The role of education research

Education research holds a unique role for informing education practice.

Go to the profile of  Charlotte Pezaro
Nov 10, 2016
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This article is the third of a weekly five-part series about how evidence can inform classroom practice. Read part one, in which Charlotte argues that an emphasis on evidence-based practice would lead to prescribed practice, or part two, on the role of a teacher and the purpose of education.

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Research has both a cultural and an instrumental role to play in informing education practice

While research in almost all fields aim to approach “truth,” there is no single cookbook approach that can guarantee this outcome. Broadly, research is a process of testing our ideas. Education research is a form of social science research that aims to test ideas about education policy and practice. Social science research is characterised much the same as research in the pure sciences.

Research in all fields is based upon the same principles: the search for universalism (general principles); organisation (to conceptualise related ideas); scepticism (questioning assumptions and looking for alternative explanations); and communalism (a community that shares norms and principles for doing research; Merton, 1973).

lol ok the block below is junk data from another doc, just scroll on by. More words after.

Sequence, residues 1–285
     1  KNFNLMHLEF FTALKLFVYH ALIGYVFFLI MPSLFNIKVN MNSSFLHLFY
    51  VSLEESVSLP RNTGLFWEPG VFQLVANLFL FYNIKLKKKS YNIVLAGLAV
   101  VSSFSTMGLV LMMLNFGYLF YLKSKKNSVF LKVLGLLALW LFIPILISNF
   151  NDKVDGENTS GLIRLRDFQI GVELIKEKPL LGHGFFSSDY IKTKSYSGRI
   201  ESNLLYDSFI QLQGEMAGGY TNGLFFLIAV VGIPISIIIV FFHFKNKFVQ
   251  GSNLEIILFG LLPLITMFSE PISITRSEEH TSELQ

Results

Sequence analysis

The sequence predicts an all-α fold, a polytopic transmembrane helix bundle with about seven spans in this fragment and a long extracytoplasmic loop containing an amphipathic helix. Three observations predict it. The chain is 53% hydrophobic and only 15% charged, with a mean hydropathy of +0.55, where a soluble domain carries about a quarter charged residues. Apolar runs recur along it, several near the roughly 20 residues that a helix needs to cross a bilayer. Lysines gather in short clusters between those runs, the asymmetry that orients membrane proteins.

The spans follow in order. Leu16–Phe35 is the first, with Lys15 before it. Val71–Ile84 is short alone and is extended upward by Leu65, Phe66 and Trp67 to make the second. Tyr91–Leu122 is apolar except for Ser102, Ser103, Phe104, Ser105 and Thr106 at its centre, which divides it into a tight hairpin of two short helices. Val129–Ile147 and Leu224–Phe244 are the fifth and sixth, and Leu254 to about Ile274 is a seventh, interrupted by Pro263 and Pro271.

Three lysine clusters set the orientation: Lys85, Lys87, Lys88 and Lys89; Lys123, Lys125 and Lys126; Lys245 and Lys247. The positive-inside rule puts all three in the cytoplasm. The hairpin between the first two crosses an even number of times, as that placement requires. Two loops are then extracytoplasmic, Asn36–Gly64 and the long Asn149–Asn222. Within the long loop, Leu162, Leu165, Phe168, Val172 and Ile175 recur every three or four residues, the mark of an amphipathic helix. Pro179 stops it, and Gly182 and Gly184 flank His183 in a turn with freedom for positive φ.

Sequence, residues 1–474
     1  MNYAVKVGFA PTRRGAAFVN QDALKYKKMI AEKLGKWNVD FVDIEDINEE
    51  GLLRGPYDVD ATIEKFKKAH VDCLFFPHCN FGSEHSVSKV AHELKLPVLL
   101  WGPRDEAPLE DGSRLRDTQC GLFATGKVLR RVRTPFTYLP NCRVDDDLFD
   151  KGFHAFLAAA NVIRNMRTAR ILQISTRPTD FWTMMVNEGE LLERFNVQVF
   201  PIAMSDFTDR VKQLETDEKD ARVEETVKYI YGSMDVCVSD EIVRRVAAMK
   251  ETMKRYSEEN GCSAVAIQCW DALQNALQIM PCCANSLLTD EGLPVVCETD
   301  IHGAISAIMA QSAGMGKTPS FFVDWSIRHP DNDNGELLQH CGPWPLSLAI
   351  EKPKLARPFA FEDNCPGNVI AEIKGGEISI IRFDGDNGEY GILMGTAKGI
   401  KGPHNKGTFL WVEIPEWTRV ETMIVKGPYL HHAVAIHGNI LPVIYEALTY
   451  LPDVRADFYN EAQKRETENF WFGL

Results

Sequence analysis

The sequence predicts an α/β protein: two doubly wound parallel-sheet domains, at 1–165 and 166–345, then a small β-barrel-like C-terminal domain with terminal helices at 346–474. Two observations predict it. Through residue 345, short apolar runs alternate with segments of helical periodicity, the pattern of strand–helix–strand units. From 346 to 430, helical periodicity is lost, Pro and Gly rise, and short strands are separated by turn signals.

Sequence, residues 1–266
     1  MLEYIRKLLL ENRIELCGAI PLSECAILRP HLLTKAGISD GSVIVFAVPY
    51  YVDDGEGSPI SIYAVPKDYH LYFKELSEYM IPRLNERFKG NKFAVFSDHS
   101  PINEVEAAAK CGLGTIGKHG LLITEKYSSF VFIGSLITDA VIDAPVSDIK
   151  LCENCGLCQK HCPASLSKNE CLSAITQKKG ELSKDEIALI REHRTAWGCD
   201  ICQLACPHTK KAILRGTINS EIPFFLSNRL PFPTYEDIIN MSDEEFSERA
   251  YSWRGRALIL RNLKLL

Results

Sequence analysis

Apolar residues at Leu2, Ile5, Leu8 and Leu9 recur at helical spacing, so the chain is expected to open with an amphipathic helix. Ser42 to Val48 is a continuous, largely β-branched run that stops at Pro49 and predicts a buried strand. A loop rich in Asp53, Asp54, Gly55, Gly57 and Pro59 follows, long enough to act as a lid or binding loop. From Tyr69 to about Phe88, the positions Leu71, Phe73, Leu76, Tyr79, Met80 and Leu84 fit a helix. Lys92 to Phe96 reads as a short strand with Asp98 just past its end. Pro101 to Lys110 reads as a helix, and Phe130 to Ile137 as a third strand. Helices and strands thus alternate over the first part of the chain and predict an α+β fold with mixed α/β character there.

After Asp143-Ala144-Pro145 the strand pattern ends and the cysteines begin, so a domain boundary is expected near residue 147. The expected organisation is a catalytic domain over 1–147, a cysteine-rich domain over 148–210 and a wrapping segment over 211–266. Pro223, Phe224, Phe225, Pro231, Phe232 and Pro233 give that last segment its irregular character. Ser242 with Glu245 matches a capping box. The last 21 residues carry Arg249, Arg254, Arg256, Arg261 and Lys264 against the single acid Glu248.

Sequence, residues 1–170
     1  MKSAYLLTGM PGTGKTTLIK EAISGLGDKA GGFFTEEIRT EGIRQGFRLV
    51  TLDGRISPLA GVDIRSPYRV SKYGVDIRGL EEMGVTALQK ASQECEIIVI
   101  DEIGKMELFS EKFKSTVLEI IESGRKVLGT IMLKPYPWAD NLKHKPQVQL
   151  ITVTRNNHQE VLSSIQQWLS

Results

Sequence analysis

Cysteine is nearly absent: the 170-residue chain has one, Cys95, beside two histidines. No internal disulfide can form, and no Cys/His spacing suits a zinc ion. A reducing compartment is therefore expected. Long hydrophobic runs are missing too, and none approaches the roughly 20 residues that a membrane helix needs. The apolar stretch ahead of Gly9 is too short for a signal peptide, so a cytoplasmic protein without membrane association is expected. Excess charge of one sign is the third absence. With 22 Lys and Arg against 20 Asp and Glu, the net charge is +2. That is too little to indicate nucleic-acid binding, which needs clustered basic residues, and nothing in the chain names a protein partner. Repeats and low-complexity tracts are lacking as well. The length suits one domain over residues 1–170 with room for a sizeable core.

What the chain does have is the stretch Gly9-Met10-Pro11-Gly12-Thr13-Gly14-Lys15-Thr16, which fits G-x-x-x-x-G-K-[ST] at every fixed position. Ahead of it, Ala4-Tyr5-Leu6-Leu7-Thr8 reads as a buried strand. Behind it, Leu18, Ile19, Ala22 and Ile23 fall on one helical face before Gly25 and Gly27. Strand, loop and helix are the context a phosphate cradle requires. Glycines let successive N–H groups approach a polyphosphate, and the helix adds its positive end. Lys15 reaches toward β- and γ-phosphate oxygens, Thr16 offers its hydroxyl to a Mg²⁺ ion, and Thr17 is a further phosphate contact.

However, social science research, and education research specifically, is different to science research in its context and scope. By the nature of the contexts that social scientists investigate, the questions that they pose, the methodologies that are use to collect evidence, and the forms of evidence that are collected, the evidence must be analysed and interpreted differently to that in the physical or natural sciences.

Like research in the physical sciences, education researchers pose significant questions that can be investigated empirically, link research with relevant theory, and use methods that permit direct investigation of the questions.

Like other social sciences, education research plays both an instrumental role in the generation of strategies, techniques, practices, and other means for achieving ends, and a cultural role in the provision of different frameworks for understanding and imagining social realities. Such frameworks can help teachers to develop different understandings of their practice, and to see and imagine their practice differently. The examination of practice through different lenses allows us to understand problems in new ways, or to see new problems we hadn’t anticipated (Biesta suggests feminist theory as an example of how cultural research can unveil problems not previously recognised, and help us toward resolution). These two roles, the cultural and the technical or instrumental, are distinguishable, but not easily separable, as they mutually inform and reinforce each other. If there is too much of either, education research risks losing relevance.